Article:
The diluting of blogging into little more than streaming news (especially political) is a trend that needs to die an early death. Lest we see the day when blog-speak runs beneath all the other little terror-tape up-to-the-minute reports at the bottom of the news screen -- if they can fit another ticker tape on at the bottom of the news screen!

......bloggers report Dukakas the winner by 54 percent!..... Instapundit to wed Sullivan....  Mass. blogger spies suspicious package on sidewalk....

Film at motherfucking 11.

Sharemeter says I get to live another day

I've added a day onto my life, according to Sharemeter. Thanks Paul for letting me in on it. Pretty powerful stats!

Based on my particulars: I have now stopped smoking for 18 days, 5 hours, 34 minutes, 45 seconds. That translates into 291 cigarettes NOT smoked, for a savings of $61.83! I have increased my life expectancy by 1 days, 18 minutes, 35 seconds.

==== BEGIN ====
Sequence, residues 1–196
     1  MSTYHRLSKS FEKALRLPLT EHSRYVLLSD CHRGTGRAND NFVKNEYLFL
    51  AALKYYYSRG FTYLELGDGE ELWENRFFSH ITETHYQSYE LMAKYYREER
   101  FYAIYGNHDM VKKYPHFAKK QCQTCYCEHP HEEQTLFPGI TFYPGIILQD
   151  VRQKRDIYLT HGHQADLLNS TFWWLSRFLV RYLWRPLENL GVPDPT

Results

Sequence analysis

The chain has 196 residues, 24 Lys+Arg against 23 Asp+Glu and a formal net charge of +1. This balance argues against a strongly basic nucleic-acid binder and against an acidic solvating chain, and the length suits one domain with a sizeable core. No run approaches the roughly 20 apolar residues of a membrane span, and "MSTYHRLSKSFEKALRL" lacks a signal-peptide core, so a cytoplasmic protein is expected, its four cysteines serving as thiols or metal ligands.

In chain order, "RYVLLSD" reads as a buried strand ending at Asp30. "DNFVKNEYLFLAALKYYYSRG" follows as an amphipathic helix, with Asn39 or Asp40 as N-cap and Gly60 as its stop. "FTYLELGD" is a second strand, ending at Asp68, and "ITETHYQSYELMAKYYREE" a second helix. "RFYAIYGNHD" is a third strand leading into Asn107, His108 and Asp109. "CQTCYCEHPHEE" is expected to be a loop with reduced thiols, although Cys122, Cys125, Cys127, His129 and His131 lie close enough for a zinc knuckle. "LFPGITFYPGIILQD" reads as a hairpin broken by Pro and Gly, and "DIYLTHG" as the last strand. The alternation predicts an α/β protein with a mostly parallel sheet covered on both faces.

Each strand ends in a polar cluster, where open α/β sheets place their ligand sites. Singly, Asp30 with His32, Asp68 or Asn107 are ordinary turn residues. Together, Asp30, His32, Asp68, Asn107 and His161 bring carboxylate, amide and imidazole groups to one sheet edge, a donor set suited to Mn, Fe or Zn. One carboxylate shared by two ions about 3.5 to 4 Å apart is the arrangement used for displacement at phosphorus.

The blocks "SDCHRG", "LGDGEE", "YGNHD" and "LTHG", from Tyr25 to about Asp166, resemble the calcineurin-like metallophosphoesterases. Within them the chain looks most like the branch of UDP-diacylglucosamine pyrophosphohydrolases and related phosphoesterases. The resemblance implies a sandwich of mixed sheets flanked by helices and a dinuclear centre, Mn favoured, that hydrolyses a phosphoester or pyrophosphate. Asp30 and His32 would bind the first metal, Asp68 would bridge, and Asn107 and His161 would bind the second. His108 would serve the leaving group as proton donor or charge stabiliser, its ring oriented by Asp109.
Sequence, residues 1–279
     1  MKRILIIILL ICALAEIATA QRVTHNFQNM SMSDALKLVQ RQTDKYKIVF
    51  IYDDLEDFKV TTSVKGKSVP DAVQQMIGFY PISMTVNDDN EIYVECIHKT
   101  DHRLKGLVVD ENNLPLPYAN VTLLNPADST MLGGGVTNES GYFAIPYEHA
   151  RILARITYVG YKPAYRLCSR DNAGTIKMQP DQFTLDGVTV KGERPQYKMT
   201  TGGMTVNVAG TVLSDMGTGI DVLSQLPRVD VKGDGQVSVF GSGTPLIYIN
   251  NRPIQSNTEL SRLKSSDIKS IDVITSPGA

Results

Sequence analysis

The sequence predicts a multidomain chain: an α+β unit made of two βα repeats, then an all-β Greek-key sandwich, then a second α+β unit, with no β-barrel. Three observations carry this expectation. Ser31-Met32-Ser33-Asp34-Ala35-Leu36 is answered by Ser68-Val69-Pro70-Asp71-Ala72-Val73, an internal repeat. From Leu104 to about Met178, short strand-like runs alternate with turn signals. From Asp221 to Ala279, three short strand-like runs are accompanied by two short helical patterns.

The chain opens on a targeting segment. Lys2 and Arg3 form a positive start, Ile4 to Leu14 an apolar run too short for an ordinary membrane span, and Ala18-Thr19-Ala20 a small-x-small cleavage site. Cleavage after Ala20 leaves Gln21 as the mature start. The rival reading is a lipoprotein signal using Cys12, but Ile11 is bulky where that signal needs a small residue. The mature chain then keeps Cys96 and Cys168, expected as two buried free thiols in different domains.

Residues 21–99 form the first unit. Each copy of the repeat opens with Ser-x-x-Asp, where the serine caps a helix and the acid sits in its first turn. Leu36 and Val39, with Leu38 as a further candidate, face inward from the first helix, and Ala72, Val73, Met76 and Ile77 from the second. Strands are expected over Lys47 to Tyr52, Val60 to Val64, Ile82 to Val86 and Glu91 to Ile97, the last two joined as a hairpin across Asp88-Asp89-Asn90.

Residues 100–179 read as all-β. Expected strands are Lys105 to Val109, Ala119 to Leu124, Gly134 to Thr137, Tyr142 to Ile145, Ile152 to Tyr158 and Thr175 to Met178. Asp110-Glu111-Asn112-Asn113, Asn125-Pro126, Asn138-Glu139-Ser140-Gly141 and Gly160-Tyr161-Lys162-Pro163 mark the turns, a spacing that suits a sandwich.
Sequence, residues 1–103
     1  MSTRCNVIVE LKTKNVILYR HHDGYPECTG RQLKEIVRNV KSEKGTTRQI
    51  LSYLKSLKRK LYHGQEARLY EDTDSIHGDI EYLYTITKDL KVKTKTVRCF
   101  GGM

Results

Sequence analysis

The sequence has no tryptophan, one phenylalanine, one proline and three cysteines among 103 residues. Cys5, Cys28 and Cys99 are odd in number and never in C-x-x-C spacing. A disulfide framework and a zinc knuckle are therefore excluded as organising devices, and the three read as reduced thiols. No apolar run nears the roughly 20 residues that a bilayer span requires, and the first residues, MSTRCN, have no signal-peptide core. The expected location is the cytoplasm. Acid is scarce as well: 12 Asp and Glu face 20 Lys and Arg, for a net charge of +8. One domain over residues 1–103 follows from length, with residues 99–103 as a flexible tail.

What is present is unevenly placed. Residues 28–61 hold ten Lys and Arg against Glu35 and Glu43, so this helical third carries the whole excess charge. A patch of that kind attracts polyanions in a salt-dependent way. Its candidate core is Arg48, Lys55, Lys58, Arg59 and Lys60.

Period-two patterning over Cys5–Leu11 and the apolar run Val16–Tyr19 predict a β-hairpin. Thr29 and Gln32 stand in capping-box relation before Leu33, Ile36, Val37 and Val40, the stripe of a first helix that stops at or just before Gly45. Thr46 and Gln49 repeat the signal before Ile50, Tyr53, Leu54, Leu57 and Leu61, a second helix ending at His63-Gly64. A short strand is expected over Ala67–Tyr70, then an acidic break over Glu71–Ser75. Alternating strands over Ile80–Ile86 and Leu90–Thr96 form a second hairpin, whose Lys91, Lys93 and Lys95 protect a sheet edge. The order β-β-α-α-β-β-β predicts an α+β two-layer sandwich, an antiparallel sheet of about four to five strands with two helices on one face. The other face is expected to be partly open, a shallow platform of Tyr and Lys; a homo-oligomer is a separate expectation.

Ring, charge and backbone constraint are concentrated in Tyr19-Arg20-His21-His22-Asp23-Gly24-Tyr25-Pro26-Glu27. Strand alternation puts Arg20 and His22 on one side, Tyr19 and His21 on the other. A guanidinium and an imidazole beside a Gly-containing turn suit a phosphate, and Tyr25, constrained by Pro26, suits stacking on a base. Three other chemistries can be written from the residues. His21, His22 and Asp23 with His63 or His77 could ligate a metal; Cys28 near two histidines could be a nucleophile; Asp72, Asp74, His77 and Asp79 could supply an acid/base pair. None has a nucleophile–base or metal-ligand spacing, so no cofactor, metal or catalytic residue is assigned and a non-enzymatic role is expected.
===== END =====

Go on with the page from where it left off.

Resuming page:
The good news is, I live a day longer.
(the bad news is, I live a day longer without a cigarette.)

OKAY OKAY, I'M ONLY KIDDING!

 

Fiction Recommendations PLEASE

For the first time in six years I've read a  novel from cover to cover (in two days) without a smoke break.

I quit while I was pregnant with Jenna. I spent the majority of my pregnancy in the bathtub digesting novel after novel after novel, with a hunger I thought was driven by the knowledge that once the baby came, I'd never have time to read again. You know, since children end your life and stuff.

Now I think that my nine-month fiction fiesta may have been as much an antidote for the boredom of not smoking as a pregnancy craving. So I read this novel by Catherine Coulter called Blind Side and had a blast with it. I've never read her before, but it's one of those FBI crime fighter thrillers with a six-year-old boy at the center of the ruckus.